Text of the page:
As a child growing up in the 70s in another country, wealth was a rare thing. As far as I could tell, most people lived pretty much like we did.
Not that I didn’t long for things but my sense of materialism was tempered by the lack of temptations. Television consisted of one black and white channel- free from advertising. Shopping centres were non-existent. And other kids did not have much more than me, leaving me little to covet.
In most countries and certainly in New Zealand things are very different today. The wealth divide has grown enormously. Advertising messages are constant and all pervasive. Things once deemed luxuries are accessible to all, and often regarded as necessities.
Our social mantra and one we instil in our children, is that they can do anything they put their minds to and achieve the lifestyle they desire. Success is there for the taking. Yet what is success exactly?
In a group discussion with a relatively high earning professional recently, one person relayed a ski holiday he had recently returned from. Through friends of friends he shared the same lodge as some extremely wealthy business people. It struck him that dinner conversations tended to revolve mostly about money, and the lesser millionaires – remarkably rich by average New Zealand standards – were envious of those with more assets.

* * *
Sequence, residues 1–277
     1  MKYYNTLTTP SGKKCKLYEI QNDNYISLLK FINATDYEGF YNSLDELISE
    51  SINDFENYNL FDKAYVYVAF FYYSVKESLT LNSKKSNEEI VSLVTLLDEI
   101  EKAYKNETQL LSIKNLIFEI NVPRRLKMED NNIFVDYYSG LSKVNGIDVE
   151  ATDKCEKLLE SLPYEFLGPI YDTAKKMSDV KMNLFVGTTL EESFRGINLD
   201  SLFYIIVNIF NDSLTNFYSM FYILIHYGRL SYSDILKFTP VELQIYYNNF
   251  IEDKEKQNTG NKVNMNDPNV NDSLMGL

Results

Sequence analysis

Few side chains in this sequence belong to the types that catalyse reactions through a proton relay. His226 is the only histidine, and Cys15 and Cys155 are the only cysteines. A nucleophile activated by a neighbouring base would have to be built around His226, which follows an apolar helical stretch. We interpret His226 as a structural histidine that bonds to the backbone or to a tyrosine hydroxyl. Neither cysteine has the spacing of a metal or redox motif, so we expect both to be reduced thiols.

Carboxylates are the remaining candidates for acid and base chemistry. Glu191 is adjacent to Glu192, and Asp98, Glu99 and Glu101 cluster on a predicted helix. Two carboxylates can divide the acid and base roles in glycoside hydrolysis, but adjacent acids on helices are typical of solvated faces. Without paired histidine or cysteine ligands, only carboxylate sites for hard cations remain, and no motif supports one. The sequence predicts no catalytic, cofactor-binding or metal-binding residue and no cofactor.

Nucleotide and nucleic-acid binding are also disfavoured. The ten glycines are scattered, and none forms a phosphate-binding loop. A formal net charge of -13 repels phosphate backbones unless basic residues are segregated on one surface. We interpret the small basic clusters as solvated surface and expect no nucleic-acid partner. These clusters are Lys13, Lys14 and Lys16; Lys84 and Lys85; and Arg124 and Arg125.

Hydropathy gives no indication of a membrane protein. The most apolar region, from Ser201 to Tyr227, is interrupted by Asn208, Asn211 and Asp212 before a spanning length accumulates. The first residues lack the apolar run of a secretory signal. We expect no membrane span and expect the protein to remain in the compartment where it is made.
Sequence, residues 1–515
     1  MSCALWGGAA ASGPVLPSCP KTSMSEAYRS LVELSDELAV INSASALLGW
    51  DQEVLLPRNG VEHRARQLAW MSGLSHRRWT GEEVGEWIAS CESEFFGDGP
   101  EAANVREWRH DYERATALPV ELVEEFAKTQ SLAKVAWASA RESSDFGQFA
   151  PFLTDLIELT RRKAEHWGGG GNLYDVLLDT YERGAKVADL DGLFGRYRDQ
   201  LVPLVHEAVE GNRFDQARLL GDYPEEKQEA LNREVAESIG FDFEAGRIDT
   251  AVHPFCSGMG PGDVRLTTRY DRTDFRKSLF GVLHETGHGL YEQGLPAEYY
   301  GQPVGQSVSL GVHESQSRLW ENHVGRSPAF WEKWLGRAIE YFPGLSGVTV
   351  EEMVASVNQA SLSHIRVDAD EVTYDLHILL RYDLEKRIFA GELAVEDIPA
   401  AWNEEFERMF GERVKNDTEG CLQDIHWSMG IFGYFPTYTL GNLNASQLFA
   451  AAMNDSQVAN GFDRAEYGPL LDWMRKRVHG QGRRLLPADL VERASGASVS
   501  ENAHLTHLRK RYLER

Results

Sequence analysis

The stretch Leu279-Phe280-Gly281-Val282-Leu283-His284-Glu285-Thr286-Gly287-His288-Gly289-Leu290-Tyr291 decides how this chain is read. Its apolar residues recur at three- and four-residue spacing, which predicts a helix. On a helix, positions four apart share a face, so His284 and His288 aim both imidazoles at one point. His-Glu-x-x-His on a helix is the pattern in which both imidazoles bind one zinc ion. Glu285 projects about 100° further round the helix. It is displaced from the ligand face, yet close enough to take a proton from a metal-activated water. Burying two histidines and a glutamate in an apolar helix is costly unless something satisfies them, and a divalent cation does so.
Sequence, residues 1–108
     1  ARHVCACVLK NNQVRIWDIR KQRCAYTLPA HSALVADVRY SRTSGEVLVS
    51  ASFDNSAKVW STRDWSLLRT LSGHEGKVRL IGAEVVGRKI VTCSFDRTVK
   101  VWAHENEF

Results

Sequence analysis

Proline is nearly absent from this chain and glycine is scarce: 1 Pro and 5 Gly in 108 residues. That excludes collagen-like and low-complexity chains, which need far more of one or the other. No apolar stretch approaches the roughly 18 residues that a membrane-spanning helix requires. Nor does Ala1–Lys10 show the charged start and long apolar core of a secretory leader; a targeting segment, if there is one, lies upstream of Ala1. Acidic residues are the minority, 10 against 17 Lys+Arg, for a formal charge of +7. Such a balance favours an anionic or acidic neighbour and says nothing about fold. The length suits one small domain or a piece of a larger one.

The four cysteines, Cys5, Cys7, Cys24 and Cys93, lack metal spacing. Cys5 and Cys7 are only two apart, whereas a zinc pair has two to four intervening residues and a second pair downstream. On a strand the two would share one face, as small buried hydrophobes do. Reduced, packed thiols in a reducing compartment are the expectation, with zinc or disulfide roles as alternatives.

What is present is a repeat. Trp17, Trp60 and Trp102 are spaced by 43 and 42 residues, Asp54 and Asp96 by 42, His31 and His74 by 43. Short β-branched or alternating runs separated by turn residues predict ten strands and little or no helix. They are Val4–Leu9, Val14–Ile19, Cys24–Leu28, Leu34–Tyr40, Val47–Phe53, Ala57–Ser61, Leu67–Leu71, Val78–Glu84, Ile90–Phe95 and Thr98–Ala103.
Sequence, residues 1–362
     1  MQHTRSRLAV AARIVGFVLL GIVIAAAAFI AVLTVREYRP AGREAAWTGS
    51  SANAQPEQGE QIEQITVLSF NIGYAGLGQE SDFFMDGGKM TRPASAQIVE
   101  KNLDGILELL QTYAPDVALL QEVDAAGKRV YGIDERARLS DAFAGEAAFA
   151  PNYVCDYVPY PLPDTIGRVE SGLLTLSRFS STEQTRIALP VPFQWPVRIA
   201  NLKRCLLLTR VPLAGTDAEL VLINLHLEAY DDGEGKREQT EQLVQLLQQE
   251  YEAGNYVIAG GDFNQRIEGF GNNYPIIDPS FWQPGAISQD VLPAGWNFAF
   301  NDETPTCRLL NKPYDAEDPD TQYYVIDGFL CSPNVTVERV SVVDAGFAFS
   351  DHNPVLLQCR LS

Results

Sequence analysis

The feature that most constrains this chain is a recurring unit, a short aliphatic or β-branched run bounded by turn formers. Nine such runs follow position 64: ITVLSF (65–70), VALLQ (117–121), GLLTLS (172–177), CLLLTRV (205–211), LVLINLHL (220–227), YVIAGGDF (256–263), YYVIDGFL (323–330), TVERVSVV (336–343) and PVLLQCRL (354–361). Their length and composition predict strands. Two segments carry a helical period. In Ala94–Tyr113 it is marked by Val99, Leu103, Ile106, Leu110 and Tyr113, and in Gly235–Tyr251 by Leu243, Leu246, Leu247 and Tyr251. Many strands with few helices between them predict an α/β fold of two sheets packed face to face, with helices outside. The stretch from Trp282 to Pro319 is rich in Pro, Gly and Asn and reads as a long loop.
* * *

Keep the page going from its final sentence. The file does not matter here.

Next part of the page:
Status anxiety is our insistence on comparing our lives to others. Something we do almost innately. The term was coined by the philosopher Alain de Botton in his book of the same name. He writes that we are driven to want things merely because others have them. “We may seek a fortune for no greater reason than to secure the respect and attention of people who would otherwise look straight through us.”
Studies have consistently shown the only people who become happier through gaining wealth are the very poor. For everyone else the gain diminishes very quickly.
So, is it ever enough? A famous Talmudic expression asks “Who is a happy man?” and answers “He that is happy with his lot”. Contentment is about making do, appreciating what we do have rather than what we don’t. Yet few New Zealanders are able to say with conviction that they need for nothing else.
We are seeing two opposite trends emerging in New Zealand society. On the one hand a recognition that materialism is not satisfying. That having more belongings doesn’t make us happy. Rather closer relationships and balanced lives do.
On the other hand so many things once deemed luxuries are now regarded as necessities and so much tempts us. And we regard possessions not merely for their utility, but for what they say about us. We choose a car not because of its ability to take us from one place to another, but for so many other reasons to do with image and identity.
Where do you fit in? And have you found balance between contentment and the desire for more?
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